Wednesday, July 11, 2012


The other day my friends on Facebook started one of those conversations about how awful are the negative political ads these days.  In order to refute this (as far as I know, American political discourse has always been pretty rough, starting with the first election after George Washington), I Googled "political insults" and came up with Rosemarie Ostler's new book, Slinging Mud:  Rude Nicknames, Scurrilous Slogans, and Insulting Slang from Two Centuries of American Politics.  I may have to get that, or at least borrow from the library.

I also found an article by Ms. Ostler on HuffPo entitled 12 Classic Political Insults, from which I absolutely must share a neologism from the 1890s:  snollygostersA "snollygoster" is "a fellow who wants office, regardless of party, platform or principles, and who, whenever he wins, gets there by the sheer force of monumental talknophical assumnancy."

I have to confess, I thought of Mitt Romney. 

But my real point is:  politics today isn't any nastier than it ever was.  It's just louder because of 24-hour cable news and the Internet.

1 comment:

  1. This is an interesting subject.

    A lot of commentary in the media over the last decade about how combative and rude political debate has become in this country. I think the mood of political discussion and sentiment has become significantly "roughened" though it's unclear whether the electorate had developed a bigger appetite for it, or it has been seduced into this earnestness by cynical political polemicists and public relations people.

    In the 1950's, political debates tended to be much more respectful in public. Witness the Kennedy-Nixon debates, in which the two candidates sat politely, and without much emotion. as they were asked questions in an atmosphere of reasonable polite discussion. By the Reagan era, candidates had resorted to sniping and snide sarcasm.

    Today the Right has morphed into full-blown attack mode. The gloves have come off, and no one even expects sensible assertions, well-thought-out platforms, or measured reasoned arguments. In the 1950's, we didn't have the shock-jock radio stooges, or the avalanche of internet assault. People in Nebraska and Idaho once used to worry about the weather and the price of beans; now they argue about "coastal elites" who want to turn their young men into queers. That's a big difference, and I think it reflects the degree to which people's attention has been shifted away from immediate regional concerns, to "big issue" diversions designed to focus their sentiments on matters that over-ride their true interests. Folks in Michigan ought to realize how hostile the Republican agenda is to their welfare. The Republicans wanted the big three auto makers to go belly up. And yet, today, Romney is running neck and neck in the industrial midlands. Go figure. Do people even think sensibly about their own interests?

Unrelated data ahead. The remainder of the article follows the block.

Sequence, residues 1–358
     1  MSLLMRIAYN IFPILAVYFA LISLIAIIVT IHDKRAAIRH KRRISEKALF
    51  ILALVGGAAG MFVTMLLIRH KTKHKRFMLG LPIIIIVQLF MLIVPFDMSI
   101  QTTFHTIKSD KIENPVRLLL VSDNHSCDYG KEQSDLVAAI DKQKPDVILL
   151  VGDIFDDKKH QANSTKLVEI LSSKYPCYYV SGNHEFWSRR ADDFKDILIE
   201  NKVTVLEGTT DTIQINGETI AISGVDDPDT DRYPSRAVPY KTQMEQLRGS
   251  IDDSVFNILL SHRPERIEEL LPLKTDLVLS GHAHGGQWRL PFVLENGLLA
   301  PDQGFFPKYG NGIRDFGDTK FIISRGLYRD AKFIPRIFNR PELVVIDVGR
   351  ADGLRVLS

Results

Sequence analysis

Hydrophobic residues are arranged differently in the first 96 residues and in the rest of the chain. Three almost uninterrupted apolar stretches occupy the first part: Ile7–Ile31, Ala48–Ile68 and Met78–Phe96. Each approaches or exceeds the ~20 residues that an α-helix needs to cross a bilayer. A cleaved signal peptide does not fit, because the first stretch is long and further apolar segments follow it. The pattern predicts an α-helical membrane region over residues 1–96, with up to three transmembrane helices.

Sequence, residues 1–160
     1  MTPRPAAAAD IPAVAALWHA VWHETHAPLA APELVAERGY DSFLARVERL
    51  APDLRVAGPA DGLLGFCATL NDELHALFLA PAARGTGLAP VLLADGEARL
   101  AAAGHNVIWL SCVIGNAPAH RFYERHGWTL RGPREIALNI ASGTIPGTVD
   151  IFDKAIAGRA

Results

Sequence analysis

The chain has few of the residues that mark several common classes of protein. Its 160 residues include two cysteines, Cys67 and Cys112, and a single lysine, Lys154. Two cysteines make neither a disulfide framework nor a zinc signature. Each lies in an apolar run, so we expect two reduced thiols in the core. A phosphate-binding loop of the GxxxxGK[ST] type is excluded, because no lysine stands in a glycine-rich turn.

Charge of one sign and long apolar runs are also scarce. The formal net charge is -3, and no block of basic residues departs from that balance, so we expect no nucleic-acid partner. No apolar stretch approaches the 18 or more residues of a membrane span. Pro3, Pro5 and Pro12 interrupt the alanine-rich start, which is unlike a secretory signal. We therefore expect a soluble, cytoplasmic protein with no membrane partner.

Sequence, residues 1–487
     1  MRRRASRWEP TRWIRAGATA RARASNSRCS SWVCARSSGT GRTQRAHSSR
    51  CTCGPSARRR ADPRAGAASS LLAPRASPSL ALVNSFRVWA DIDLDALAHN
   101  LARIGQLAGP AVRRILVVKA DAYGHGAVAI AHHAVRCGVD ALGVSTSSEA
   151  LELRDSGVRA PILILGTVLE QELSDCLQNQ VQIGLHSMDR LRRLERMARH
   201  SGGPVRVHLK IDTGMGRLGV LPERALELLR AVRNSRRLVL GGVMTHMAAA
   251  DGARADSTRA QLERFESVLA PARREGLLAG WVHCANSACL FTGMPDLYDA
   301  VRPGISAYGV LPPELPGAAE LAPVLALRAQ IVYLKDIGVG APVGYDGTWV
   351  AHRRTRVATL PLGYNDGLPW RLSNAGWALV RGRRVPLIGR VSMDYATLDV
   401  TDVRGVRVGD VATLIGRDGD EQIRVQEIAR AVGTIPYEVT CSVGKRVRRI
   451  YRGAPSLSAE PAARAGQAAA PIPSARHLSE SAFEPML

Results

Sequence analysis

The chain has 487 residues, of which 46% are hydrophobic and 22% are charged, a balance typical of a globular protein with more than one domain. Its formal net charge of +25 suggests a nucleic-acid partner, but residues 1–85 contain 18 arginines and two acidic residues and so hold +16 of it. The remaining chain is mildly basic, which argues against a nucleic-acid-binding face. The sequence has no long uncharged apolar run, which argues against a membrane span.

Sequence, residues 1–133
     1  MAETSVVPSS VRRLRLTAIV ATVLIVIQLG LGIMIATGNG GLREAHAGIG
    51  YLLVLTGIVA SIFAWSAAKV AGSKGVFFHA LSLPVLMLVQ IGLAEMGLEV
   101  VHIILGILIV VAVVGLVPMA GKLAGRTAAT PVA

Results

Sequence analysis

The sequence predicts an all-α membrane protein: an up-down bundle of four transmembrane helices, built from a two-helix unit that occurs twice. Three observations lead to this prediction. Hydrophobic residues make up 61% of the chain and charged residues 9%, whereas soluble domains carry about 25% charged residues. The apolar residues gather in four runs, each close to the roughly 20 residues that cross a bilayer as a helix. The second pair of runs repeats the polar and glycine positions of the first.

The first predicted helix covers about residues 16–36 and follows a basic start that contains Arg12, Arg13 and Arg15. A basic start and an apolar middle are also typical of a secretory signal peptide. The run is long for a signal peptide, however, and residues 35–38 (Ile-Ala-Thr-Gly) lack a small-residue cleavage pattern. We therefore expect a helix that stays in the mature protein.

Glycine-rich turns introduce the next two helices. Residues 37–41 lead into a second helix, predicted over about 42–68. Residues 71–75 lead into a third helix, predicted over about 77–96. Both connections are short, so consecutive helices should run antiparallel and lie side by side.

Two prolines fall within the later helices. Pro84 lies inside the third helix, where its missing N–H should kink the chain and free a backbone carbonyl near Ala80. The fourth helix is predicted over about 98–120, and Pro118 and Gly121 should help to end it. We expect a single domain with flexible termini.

I think politicians always were cynical about what went on "behind the scenes" but in public, things used to be gentler. That's a reflection of our no-holds-barred public sphere, where anything goes, and the more outrageous it gets, the bigger the audience share. In the days of Boss Tweed, the man on the street didn't really know what was happening, unless his local smut-sheet tore off the protective cover. There's very little today which is "private." Kennedy used to screw women in a White House ante-room, and most of the press corps knew it, but this was never reported to the public, because that was the code of privacy in those days. Today, Clinton enjoys a little dalliance under the desk, and heaven and earth are turned upsidedown. Americans apparently couldn't be told what their handsome young man was really like in private, but ironically (30 years later) they came to understand that being an effective President might involve the very sort of sinful randy behavior that heroes actually engage in when they're not running the world. We seem much more religious in our preoccupations these days, but also more tolerant. Then, people worried about how "religious" their President might be, but today, they seem more worried about how "un-religious" he is. God Bless America. Dubya claimed that Jesus was his hero, but that example apparently led him to believe that pre-emptive wars and torture and making the rich richer were all very humble, righteous acts.

    So some things have changed.